The R1 Grand Tourer (1990 - 2000)
Ursula AG released the revolutionary R1 grand tourer in the Geneva Auto Show in 1990, as their first GT car ever produced. The car started selling in Europe in 1990, before coming to North America, Australia and Japan in 1992.
The car is revolutionary at it’s time. It’s the world’s first production car that has a carbon fiber monocoque chassis, and it also has Ursula’s first V10, the VT 44-10 4.4 liter naturally-aspirated DOHC V10. Generating 425 hp, the engine is no slouch either, slaying supercars of it’s time.
Thanks to it’s carbon fiber chassis and fiberglass build, the car weighs significantly lighter than it’s rivals, even equipped with Ursula’s most luxurious interior and most advanced safety and of that time. Because of this, the Ursula R1 is faster, more agile and more luxurious than it’s competitors. Despite equipped with a hefty pricetag the car won numerous Car of The Year awards, and the R1 gained iconic status since then.
In 1993, an update, the V10 S is released. The engine now equips with a much hefty 460 hp, the suspension is improved, and it’s now equipped with more luxury, and a CD drive instead of a cassette that is offered on the original car.
The new updates gave this all-wheel drive GT a boost. Top speed is still limited to 300 km/h, but getting from 0 to 100 km/h is a brisk 3.9 seconds, a massive improvement compared to the original’s 4.6 seconds time.
But Ursula AG doesn’t really want to stop improving the car yet. After 4 years, the updated version of the GT is released as the V10 RS with an updated front and rear end to match more modern competitors. This time, the V10 now outputs 500 hp, propels the car to 320 km/h with a 0-100 time of 3.7 seconds.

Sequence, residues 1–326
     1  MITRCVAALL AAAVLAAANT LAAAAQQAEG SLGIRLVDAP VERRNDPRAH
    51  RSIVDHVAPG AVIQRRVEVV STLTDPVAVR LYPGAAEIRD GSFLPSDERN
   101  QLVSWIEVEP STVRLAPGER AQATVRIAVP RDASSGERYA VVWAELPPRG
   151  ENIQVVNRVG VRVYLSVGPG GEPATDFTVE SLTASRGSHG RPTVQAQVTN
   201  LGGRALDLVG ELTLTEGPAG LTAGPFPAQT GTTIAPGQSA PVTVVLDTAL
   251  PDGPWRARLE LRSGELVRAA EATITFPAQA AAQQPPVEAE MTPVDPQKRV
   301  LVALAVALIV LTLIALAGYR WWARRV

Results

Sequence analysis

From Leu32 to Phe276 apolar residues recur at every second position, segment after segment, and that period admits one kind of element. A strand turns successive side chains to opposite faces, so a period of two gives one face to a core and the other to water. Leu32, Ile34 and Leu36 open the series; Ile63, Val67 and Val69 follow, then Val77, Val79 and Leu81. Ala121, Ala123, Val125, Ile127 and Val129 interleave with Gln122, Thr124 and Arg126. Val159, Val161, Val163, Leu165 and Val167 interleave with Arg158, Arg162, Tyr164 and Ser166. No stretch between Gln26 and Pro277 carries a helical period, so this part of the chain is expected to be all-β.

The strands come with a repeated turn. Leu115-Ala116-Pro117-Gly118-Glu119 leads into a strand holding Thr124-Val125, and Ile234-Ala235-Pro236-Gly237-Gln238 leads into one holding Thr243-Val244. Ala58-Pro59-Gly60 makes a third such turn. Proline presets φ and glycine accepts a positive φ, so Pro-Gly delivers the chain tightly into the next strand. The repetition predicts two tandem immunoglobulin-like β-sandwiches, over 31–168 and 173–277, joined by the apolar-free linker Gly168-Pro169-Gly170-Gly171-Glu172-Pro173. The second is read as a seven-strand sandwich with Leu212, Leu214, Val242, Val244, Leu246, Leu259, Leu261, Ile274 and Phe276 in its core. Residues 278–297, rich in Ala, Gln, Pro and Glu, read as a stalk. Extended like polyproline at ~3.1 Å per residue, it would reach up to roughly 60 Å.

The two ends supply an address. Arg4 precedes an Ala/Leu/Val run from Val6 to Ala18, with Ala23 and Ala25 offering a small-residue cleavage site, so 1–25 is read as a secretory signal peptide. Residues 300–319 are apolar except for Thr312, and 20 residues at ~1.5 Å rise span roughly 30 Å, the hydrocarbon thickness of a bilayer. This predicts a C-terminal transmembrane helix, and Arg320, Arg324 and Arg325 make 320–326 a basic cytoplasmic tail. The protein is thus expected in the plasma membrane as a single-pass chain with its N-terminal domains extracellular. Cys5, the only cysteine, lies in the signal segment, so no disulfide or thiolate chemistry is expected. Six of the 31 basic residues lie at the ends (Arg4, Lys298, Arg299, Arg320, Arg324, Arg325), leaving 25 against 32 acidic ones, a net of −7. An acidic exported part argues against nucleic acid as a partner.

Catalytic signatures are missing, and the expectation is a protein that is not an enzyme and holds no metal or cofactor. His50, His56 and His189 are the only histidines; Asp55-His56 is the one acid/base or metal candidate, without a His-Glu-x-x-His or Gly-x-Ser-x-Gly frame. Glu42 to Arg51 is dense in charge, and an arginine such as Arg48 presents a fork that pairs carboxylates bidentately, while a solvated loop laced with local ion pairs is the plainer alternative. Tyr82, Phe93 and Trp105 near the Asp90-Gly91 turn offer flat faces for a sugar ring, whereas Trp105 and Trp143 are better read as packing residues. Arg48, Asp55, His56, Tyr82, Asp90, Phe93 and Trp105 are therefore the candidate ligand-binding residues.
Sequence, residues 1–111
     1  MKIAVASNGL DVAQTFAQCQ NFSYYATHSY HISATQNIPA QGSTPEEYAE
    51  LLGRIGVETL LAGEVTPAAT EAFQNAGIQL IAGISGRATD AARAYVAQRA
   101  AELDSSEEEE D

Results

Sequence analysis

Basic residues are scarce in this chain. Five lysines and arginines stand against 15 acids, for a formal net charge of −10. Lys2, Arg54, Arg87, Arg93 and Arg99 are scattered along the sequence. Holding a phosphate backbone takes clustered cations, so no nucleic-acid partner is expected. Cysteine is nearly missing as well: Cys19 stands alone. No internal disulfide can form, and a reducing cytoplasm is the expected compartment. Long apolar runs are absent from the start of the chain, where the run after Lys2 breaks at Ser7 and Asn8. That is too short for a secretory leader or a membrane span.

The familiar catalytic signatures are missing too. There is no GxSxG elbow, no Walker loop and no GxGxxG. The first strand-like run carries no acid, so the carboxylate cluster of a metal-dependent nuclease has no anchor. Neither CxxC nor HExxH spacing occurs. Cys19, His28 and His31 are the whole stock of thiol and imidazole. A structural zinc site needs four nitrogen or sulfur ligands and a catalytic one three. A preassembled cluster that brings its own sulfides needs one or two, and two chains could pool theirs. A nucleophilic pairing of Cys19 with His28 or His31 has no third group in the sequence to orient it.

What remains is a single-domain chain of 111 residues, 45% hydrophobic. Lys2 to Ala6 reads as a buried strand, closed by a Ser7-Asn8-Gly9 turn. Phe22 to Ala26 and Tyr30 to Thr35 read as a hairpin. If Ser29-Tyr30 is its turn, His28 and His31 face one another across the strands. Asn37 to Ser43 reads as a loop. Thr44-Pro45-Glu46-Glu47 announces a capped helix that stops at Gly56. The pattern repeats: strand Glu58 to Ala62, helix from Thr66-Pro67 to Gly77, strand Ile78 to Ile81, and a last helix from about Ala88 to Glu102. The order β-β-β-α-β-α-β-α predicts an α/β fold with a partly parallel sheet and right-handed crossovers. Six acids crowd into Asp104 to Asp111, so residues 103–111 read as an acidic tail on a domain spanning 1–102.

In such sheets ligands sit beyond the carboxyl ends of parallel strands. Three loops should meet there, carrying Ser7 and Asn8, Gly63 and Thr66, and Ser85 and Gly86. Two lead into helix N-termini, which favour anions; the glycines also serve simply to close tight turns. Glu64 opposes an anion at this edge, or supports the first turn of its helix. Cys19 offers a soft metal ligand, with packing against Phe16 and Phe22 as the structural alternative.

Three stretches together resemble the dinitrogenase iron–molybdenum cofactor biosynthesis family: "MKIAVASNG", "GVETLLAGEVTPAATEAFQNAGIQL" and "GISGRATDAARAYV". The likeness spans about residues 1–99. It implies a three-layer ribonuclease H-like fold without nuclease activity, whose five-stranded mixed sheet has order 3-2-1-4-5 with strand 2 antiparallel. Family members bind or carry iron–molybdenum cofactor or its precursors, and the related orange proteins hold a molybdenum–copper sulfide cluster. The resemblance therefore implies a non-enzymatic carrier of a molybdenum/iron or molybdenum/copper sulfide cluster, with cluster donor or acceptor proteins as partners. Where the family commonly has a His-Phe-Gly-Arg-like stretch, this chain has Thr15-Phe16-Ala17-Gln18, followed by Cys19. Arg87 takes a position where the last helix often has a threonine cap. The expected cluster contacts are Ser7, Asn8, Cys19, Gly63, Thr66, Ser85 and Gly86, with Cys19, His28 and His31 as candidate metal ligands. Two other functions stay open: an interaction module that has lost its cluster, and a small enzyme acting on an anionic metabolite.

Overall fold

But’s what more impressive is, the R1 is now equipped with an active sport suspension, that Ursula claims that the new suspension can help with the handling of the car. It’s now much better to drive, despite being more heavier than the predecessors.
Sadly, the innovative luxury GT has finally came to an end in 2000, with only 4,280 units have ever produced. Prior to that, a V12 variant equipped with a 6-liter V12 was actually planned for release in 1999, but due to financial reasons Ursula decided not to release it. If released, the car would actually be a lot faster than the V10 RS, with reports claimed that it’s capable of a 3.2 seconds 0-100 km/h acceleration and a top speed of 340 km/h.
Not only that, a race variant is also planned for a 1998 debut, with a turbocharged V10 generating 640 hp, alongside it’s road-legal version of the race machine, the 552 hp V10 GT-C, but ultimately none has ever came to fruition. However, Ursula have made 2 V10 GT-C’s in 2000 and sold them. One is now missing since 2005 due to unknown reasons, but the other one is still residing in Ursula’s Bremen HQ.
(sorry for the V16, there’s no electric engine in Automation so I made a V16 to substitute it. XD)
But not all hopes are lost. In Detroit Auto Show last year (2017), Ursula launched the R1 concept car as a preview to their upcoming “Fluent” design language. Unlike the V10-equipped original, the R1 concept is equipped with 4 electric motors in AWD layout, generating a hefty 1080 hp and claimed a 390-km electric range.
Much to a surprise, Ursula actually confirmed a production version is coming in 2020, but it will be an electric powered luxury GT. But still, everyone has high hopes to this fabulous, innovative grand tourer that became everyone’s poster car in the 90’s, will return someday.